Lake Tuggeranong research trial

Research officer recording data in a boat on a lake

The Institute for Applied Ecology at the University of Canberra is conducting research in Lake Tuggeranong to identify in-lake treatments that could improve water quality and reduce the number of closures caused by blue-green algae.

Tuggeranong’s urban water filter

Lake Tuggeranong was created in 1987 as an attractive focal point for the new satellite town, a place for recreation, play, exercise and conservation. But it also has another critical role—to filter and clean the water flowing from Tuggeranong’s suburbs into the Murrumbidgee River.

Urban run-off is generally high in litter, organic matter, harmful nutrients and other pollutants and, after 30 years, the lake is literally overloaded. As a result, it is frequently closed to recreational use because of toxic blue-green algae outbreaks.

It is an ongoing challenge to manage Lake Tuggeranong so it can fulfil the recreational needs of the community while also protecting water quality downstream in the Murrumbidgee River. At the moment, the lake doesn’t appear to be performing either role effectively. Something has to be done.

What we know (and what we don’t)

Lake Tuggeranong is often closed for primary contact, generally because of algal blooms. In the 10 years to 2017, the lake was closed for an average of 93 days each year.

There are some gaps in our understanding of how and why blue-green algae forms in lakes. Key factors that can influence an outbreak include high nutrient levels (both phosphorus and nitrogen, but phosphorus is likely to be the most important of these), longer days and warm temperatures (which explains why lake closures generally occur in summer months), and stratification (warmer water on the top, colder water on the bottom).

Lake Tuggeranong appears to provide ideal conditions for algal blooms. Of all the factors listed above, nutrient load offers the best opportunity to change those conditions. Understanding where the nutrients come from and how they behave in the lake is the first step in determining what interventions will work best to improve water quality and reduce the frequency and severity of algal blooms.

The research project

The research is divided into two phases.

Phase 1 – Complete

Automated equipment was installed in the lake and in the streams that flow into the lake. This equipment  collected water samples to measure pollutant loads, oxygen and water temperature. Researchers also collected weekly manual samples of the water in the lake.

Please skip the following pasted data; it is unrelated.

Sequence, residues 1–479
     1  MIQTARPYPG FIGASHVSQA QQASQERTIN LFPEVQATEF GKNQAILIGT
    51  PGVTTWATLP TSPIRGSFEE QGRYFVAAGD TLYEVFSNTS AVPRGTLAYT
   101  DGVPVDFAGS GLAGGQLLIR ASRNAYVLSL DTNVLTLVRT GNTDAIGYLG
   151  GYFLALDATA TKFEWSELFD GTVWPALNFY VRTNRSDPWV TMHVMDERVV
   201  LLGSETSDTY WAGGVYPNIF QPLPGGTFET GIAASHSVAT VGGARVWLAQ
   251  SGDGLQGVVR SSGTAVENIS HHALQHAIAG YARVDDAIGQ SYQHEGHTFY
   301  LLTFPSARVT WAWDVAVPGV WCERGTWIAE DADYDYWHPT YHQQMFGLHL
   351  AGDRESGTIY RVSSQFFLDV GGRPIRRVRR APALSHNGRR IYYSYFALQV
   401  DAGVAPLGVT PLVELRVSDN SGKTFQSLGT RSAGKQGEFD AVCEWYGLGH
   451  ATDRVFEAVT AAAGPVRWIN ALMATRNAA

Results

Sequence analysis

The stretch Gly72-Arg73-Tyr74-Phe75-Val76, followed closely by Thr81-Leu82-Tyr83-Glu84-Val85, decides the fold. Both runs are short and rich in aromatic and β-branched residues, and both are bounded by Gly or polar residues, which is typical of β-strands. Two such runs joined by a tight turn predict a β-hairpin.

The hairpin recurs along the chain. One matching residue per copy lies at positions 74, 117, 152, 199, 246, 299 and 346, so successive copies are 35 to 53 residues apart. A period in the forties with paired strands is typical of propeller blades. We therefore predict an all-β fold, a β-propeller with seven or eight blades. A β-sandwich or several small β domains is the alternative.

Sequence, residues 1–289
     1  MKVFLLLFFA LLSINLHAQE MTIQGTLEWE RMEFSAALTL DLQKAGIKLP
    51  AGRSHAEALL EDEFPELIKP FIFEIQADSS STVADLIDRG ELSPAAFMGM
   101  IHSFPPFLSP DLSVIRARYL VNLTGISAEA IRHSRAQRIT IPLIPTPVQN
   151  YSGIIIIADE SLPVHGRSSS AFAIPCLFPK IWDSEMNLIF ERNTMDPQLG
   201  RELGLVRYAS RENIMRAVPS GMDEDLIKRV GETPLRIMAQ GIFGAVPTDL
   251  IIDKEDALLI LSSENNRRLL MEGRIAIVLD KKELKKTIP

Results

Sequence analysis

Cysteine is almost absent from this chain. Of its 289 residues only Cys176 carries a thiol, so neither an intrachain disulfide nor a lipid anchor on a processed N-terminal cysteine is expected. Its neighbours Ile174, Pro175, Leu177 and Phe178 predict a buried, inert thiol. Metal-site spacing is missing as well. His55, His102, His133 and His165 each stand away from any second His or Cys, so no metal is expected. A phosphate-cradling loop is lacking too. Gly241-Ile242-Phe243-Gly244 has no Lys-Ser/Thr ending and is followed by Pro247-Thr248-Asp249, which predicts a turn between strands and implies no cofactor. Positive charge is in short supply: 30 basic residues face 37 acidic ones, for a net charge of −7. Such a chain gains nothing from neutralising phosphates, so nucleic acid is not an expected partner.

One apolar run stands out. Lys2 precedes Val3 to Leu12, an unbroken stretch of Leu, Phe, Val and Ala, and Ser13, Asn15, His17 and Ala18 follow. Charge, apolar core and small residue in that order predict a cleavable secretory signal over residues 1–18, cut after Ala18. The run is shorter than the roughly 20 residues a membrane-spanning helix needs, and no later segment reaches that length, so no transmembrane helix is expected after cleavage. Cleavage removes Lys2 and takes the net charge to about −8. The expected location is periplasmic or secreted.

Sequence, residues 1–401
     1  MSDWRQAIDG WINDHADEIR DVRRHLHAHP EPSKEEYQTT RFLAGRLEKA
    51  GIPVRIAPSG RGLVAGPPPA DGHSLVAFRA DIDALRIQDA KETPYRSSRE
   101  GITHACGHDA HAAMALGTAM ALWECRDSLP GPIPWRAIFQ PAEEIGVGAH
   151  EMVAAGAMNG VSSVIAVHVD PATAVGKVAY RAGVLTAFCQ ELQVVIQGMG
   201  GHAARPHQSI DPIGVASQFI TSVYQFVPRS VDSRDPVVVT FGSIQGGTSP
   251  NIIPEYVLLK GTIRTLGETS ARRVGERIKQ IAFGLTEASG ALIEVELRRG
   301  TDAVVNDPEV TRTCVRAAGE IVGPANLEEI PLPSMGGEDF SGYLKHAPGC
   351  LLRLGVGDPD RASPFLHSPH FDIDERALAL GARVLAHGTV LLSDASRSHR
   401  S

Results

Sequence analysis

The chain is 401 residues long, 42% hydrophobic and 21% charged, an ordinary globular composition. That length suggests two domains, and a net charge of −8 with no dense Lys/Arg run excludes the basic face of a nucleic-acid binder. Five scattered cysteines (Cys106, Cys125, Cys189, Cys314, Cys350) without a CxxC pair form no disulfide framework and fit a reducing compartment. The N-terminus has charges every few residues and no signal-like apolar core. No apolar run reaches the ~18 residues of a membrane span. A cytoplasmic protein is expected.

All these samples were analysed at the University of Canberra by the research team at the Institute for Applied Ecology.

The Lake Tuggeranong research revealed that the lake suffers from both:

  • high loading of pollutants from the catchment during both base flow and stormflow conditions; and
  • high ‘internal loading’ (nutrient cycling between lake sediments and the water column).

Lake waters are saturated with phosphorus and conditions conducive to algal blooms are present all year round. When the lake is stratified during warm, still conditions, release of nutrients from the sediment layer in the bottom of the lake are exacerbating the problem, elevating nutrient levels in the lake and making nutrients released from the sediments available to blue green algae.

These results informed the management options trialled in Phase 2.

Phase 2 – In progress

Phase 2 has involved a suite of in-lake trials of three algal management options, and further research on light as a factor in algal growth. These were conducted as set of experimental ‘bag in lake’ mesocosms.  The mesocosm trials consisted of:

  • a chemical treatment (Phoslock) that was hypothesized to bind phosphorous from the water column and limits the internal release of nutrients;
  • an addition of micro-nutrients (Diatomix) hypothesized to shift the phytoplankton community composition from cyanobacteria to diatom dominated;
  • an addition of hydrogen peroxide (H2O2) that was hypothesised to kill blue green algae; and
  • experimental shading to tease apart whether light or temperature are limiting growth of algal blooms in Lake Tuggeranong.

Research is ongoing and will continue into 2019/20.